The channel system contains the eight extraordinary Qi vessels that stem off of the twelve primary Qi channels. These eight vessels work independently, each with its own structure, but they also work together to form a full functioning web and circulate Qi throughout the body. 

The original name of the Eight Extraordinary Vessels is Qi Jiang Ba Mai which means the Odd Meridians and Eight Vessels. The vessels are odd because of their mystery; there is not enough research to understand six of the vessels. For this reason, Traditional Chinese Medicine mainly discusses the usage of the twelve primary vessels and mainly two of the eight vessels, the Conception Vessels and the Governing Vessels

The eight vessels are homeostatic and provide the points for a physiological balance in the body.


Together, the eight vessels serve as a Qi reservoir in order to balance the Qi within the body. It absorbs the excess from the main channels and distributes it to Qi deficient areas. Acupuncture tunes into the cavities of Qi with needles, which help adjust the levels of Qi reserved and released. The body releases Qi automatically in distress. For instance, in a state of shock, Qi becomes deficient in some areas and in others, specifically around the organs, it accumulates. Qi is released in deficient areas to revert the damage of excess Qi.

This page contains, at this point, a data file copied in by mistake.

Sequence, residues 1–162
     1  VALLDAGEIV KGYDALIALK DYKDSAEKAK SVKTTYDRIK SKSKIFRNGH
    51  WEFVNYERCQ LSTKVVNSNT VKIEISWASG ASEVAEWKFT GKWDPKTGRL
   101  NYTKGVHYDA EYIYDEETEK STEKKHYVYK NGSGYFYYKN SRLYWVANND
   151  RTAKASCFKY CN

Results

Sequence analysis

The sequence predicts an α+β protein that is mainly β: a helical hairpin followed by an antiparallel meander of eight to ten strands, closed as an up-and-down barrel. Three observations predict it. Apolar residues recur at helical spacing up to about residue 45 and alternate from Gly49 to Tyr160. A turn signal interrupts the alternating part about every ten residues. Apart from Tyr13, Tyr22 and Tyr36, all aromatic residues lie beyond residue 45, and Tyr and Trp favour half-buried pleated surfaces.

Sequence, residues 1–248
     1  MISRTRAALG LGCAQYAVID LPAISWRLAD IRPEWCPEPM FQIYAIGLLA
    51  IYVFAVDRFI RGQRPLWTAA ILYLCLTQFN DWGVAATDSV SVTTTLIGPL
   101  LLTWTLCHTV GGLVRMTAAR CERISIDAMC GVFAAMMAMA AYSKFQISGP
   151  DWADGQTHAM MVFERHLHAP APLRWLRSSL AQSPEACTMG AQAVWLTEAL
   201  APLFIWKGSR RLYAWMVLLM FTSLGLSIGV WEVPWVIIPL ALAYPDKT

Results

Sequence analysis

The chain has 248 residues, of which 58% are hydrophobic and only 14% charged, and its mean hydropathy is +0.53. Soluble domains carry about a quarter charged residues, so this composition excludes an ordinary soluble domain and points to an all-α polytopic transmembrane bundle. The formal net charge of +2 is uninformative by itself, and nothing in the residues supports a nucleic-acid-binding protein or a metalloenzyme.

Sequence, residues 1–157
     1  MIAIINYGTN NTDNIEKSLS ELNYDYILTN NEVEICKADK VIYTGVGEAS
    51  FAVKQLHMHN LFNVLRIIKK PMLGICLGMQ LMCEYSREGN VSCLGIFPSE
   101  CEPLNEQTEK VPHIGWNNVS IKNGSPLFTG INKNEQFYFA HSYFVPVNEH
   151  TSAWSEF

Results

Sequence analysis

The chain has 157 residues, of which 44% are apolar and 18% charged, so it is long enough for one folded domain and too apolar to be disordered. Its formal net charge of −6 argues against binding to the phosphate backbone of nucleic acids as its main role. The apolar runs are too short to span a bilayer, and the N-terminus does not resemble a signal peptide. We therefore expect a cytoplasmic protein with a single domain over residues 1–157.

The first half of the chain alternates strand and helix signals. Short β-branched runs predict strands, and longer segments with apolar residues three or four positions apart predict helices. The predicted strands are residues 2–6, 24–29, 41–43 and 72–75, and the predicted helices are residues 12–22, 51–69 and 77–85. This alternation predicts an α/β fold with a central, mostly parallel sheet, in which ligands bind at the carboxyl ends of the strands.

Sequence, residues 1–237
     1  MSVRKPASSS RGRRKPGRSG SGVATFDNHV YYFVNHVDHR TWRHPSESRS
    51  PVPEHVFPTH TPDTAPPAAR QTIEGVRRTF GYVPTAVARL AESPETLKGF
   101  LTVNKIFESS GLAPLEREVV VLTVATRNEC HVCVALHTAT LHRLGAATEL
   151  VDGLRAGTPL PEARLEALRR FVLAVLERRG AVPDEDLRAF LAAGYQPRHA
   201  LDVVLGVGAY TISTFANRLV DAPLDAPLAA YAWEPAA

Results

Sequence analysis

Wei Qi

The Wei Qi is the Guardian Qi because it protects the body from outside harm. The abdomen, thorax and the back are guarded by the Governing Vessel, Conception Vessel and the Thrusting Vessel. 

Life Cycles

Furthermore, the Thrusting and Conception Vessels synchronize and regulate the life cycles in men and women. Such changes occur 7 years apart for women and 8 years apart for men.

Jing Qi

Lastly, the Original Qi transforms into Jing Qi, or the Essence Qi. The Essence Qi travels throughout the body through the means of the eight Qi vessels. Jing Qi is sent to the main ancestral organs which includes the brain and spinal cord, the liver and the gallbladder, bone marrow, the uterus and the blood system. The Kidneys store the Jing Qi. 

Follow our weekly blogs to find out how the Eight Extraordinary Vessels work and how they prove beneficial to our daily functionality.